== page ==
Now, today, I find I can sift transparent color over the foil, add more foil on top and sift flux on that. . .fire all at once. Each side is Enamel square by Stell Shevis. fired only once.

Some of my pins are made from copper scraps left over from cutting shapes for other work; for the music boxes, for instance, or for the dimensional figures I like to do. Metal shears are easier for me than sawing, so I cut out the shapes from 24 gauge copper, then round and file the corners. Shevis drills holes for me, for the wind-up mechanism. The only power tool I own is the electric drill.

For pins or other pieces which need a finished back, I heat the copper to burn off oil and dirt, clean off any firescale, then paint the back with liquid black base coat. Let that dry before working the front and fire both at one time. For plates and bowls, I enamel the back or bottom and fire upside-down before doing the other side. For larger pieces like plates or bowls, I haven’t tried the single fire method-yet. Although, quite a few painted wall pieces are finished in one or two firings, either wet pack or painted oxides (see Glass on Metal, Vol. 19, No. 2, April 2000).

Enamel square by Stell Shevis.

Most of these small pieces are consigned to a shop here in Maine, where the commission is 40%. . .most sales are under $50. Larger, more pricey works are sold in galleries, or are commissioned.

I don’t remember ever reading any discussion of prices or money in Glass on Metal®. . . and yet, it certainly is a most important consideration to most of us. Shevis and I have always earned our living by selling our art. For more than 30 years, we designed and printed silk screened wall hangings, limited editions of prints for framing, as well as scarves, handkerchiefs and notecards. We had an agent with a showroom at the Gift and Art Building on Fifth Avenue in New York who represented only clients like us, who produced quality work in small quantities. She took orders from all over the country and collected 15% of the wholesale price each month. That was easier for us than packing up stuff and driving to crafts shows several times a year, which is what we’d been doing earlier. We had to learn the hard way about pricing our work so as to cover cost of supplies, heat, light, etc., plus advertising, and still leave enough to support our family of four children.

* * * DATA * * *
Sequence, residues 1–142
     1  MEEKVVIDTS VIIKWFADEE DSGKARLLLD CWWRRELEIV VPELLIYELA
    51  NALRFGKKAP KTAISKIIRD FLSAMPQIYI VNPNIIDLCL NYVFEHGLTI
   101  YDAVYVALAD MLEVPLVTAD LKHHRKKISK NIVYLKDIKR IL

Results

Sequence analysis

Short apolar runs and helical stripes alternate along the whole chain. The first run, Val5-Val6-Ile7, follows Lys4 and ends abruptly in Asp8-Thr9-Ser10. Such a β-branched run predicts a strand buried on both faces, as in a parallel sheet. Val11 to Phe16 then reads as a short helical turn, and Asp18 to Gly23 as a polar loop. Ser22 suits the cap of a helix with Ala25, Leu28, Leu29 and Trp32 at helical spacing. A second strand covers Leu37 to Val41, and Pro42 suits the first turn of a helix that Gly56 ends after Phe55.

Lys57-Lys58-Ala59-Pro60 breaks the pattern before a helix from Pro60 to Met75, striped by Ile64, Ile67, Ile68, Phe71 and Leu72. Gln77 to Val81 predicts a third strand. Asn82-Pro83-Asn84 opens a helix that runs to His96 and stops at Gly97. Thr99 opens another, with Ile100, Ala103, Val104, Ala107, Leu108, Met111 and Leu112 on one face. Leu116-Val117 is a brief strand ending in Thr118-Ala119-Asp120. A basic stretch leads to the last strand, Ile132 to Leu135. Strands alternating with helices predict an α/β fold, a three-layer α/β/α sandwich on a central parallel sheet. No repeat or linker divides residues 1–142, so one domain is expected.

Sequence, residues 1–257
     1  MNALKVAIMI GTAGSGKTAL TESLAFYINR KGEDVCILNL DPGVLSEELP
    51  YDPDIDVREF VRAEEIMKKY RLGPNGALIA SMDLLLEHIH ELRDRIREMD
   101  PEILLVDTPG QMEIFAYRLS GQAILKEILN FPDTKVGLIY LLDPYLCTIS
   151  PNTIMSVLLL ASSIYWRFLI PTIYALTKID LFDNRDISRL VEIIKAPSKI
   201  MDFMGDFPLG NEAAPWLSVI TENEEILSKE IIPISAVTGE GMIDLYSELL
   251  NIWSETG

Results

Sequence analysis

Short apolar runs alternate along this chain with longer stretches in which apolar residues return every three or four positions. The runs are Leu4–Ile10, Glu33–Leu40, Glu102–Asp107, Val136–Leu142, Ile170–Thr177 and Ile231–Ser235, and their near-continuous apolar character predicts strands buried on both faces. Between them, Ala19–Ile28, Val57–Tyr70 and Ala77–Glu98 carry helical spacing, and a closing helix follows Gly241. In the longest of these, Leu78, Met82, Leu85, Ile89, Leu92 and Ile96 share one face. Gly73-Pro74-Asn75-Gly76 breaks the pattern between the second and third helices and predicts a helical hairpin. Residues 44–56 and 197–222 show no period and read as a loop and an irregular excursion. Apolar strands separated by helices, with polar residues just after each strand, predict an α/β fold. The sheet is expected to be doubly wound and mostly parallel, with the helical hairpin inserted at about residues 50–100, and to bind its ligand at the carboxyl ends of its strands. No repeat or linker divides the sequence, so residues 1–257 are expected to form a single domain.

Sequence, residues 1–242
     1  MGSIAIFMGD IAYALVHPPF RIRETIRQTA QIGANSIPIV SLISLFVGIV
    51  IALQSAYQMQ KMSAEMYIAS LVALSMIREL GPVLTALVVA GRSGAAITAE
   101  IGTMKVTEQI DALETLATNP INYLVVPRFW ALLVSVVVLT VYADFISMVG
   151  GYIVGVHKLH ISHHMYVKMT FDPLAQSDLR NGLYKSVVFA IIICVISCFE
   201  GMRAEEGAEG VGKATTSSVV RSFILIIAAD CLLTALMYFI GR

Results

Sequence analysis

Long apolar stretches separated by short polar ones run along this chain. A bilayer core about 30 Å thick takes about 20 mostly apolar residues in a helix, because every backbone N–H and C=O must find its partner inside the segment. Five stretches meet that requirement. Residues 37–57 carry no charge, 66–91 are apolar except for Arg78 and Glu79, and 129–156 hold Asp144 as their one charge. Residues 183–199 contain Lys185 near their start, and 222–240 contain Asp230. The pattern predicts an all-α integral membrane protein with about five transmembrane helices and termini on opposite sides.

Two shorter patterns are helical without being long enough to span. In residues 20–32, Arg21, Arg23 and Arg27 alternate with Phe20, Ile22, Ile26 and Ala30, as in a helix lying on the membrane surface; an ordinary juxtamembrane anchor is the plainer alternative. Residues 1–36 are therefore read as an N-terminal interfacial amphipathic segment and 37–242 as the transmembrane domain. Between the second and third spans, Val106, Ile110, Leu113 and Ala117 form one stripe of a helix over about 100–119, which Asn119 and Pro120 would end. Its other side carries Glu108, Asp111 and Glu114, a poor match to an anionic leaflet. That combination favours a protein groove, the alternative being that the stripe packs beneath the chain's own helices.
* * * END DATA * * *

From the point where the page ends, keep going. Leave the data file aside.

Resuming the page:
After the kids were grown, we decided we’d retire from the printmaking and do whatever we felt like doing!

Shevis could work full time at painting and the collages and wood constructions he’d been doing in spare time. And I could concentrate on enameling. I’d inherited about a thousand jars of enamel, some copper and a marvelous furnace designed by my friend and teacher, Pauly D’Orlando, and built for her by Woodrow Carpenter. Pauly had been my best friend at Mass Art in Boston. When she married and moved to New Orleans, she became art teacher at a small private girls school where she found a small kiln and a good supply of enamels. With the help of Kenneth Bates’ book, she rapidly learned enough to teach the girls in the school. In the following years, she produced some of the most beautiful enamels I’ve ever seen, and had a following of wealthy collectors in the area. That was before the enamel society or Glass on Metal, so her work wasn’t shown or known outside Louisiana.

Wooden box with enamel insert by Stell Shevis.

Woody Carpenter was so impressed by her work that he not only built the furnace, but delivered and installed it in her second floor studio in New Orleans in exchange for one of her enamels!

Well, I digress. . .but I love to read about the personal lives of other enamelists and think we should have more stories about the enamelers in GoM.

I am working on more shortcuts, and would be very interested to hear from any of you who have tried my methods or have worked on some of your own. Please feel free to contact me at stelnshev@gwi.net.